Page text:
Restringing starts with the bridge. It works differently with various guitar brands and models, but usually, you have to flip the guitar and stick the strings into the holes in the bridge (poke it sharp end first). As soon as you can see it at the front, grab it and keep pulling until the ball is securely in the hole. For some guitars, you need to take off the back panel to get access to the bridge, others have “naked” bridges. There are also guitars that don’t require flipping the guitar over – you can set up the strings at the bridge at the front by pushing the strings through the holes towards the neck.

Wind the strings

Wind the strings

When all the strings are through the bridge, it’s time to wind them at the tuning pegs. But before you do that, make sure that the pegs are facing down the neck. After that straighten the string, and measure a distance of two pegs forward, then cut the rest with a wire cutter. If you are the lucky owner of an axe with locking tuners, just push the string, lock it and tune away. If not, here’s what you should do:

  • Stick the strings into the hole of the tuning peg
  • Make a single wrap around the machine head (clockwise)
  • Start rotating the peg anti-clockwise (always hold the string at the fretboard with your left hand to keep it stable). You’ll immediately see how the wire is wrapping around the peg and getting tighter.
  • Keep turning until it’s super tight, but don’t do it too fast to make sure the string doesn’t break
  • Repeat these steps with all of the strings

Finishing: Tuning & Stretching

Tuning & Stretching an electric guitar

So all of the strings are in place, but there are still a couple of things you need to do. First, make sure there are no extra-long bits of string poking out of the machine heads. Cut the excess bits with the wire cutter, but bear in mind, it’s quite okay to leave a half or a quarter of an inch or so for more in-depth tuning.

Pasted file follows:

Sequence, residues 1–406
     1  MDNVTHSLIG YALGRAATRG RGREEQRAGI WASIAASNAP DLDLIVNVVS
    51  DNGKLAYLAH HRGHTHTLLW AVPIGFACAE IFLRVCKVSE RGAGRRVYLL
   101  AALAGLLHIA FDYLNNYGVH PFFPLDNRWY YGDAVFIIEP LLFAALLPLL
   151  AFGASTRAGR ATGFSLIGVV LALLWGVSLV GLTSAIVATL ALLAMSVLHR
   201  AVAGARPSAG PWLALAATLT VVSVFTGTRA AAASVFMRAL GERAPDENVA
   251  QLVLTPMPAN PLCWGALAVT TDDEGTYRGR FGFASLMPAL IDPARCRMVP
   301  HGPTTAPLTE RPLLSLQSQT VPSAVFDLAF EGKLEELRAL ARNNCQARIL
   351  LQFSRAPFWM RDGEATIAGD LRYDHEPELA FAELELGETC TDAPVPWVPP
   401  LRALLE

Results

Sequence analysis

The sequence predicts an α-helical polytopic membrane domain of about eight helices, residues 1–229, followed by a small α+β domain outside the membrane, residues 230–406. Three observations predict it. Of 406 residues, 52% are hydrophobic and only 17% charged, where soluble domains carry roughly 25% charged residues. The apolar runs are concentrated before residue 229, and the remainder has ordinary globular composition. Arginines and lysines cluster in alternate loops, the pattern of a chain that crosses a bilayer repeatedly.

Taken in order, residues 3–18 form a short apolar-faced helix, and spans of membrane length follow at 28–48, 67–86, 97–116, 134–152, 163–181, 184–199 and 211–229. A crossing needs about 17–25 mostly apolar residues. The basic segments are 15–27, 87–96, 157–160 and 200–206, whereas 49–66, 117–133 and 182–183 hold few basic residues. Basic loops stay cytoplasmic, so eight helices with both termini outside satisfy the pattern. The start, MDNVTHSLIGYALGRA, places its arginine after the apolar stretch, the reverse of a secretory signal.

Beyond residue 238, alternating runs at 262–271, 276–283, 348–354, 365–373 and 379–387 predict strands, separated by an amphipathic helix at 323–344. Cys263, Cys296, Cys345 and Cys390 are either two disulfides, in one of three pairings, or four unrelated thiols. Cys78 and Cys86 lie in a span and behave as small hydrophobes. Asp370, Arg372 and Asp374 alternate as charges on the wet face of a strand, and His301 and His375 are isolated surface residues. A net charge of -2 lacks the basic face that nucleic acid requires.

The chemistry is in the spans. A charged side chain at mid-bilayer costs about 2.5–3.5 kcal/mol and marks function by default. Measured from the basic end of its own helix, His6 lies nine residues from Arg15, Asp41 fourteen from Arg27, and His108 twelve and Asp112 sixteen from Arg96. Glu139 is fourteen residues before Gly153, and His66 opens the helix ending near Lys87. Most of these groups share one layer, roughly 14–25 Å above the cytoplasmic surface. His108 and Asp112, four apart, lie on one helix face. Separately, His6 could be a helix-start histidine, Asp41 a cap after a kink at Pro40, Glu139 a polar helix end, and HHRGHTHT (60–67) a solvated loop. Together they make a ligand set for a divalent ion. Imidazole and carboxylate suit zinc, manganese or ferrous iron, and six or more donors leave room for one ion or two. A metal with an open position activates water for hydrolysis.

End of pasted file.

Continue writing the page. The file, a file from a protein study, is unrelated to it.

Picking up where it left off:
Once that’s done – tune up the axe. I’d recommend tuning it as often as possible in the first few days. At first, the strings will not be very stretchy and there is a higher chance they will break. By tuning it frequently you can safely stretch the strings and prevent breaking. When tuning, keep one hand on the fretboard for safety – if a string does break, you don’t want it poking your eye out or leaving a nasty cut.


Restringing Conclusion

Now you know everything about restringing your electric guitar. It is not that hard after all, is it? Just always remember about your safety while changing the string (don’t poke your eye or something like that) and be careful with the tuning – don’t pull the strings too hard at first. Good luck!

By Max Hudson
    about author

    My name is Max Hudson, born and raised in Chicago. I'm 30 years old and like many other people, I discovered guitar in my teens and have never looked back since. It has quickly evolved into a passion and has given me a creative outlet, something to redirect my time and unlimited energy toward. I want this website to be a handbook for players of all skill levels. It can become a starting point for your new hobby, where you can find the right instrument, get tips for playing effortlessly or anything else music related.